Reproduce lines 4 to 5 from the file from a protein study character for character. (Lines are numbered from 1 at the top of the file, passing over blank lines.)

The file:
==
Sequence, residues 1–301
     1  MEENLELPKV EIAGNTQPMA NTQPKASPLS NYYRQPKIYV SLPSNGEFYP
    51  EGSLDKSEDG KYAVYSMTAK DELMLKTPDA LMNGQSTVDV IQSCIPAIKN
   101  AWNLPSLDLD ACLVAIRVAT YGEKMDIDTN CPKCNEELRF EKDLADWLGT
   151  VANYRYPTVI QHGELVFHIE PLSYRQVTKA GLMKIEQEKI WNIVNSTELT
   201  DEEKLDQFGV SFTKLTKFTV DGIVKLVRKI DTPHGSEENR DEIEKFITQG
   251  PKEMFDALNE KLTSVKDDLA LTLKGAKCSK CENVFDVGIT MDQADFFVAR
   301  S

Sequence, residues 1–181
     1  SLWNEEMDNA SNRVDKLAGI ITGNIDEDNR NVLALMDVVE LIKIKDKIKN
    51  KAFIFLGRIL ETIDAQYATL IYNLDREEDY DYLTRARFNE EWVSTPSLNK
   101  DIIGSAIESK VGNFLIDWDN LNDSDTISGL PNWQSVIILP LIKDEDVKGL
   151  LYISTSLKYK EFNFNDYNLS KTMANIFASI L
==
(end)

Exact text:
   101  AWNLPSLDLD ACLVAIRVAT YGEKMDIDTN CPKCNEELRF EKDLADWLGT
   151  VANYRYPTVI QHGELVFHIE PLSYRQVTKA GLMKIEQEKI WNIVNSTELT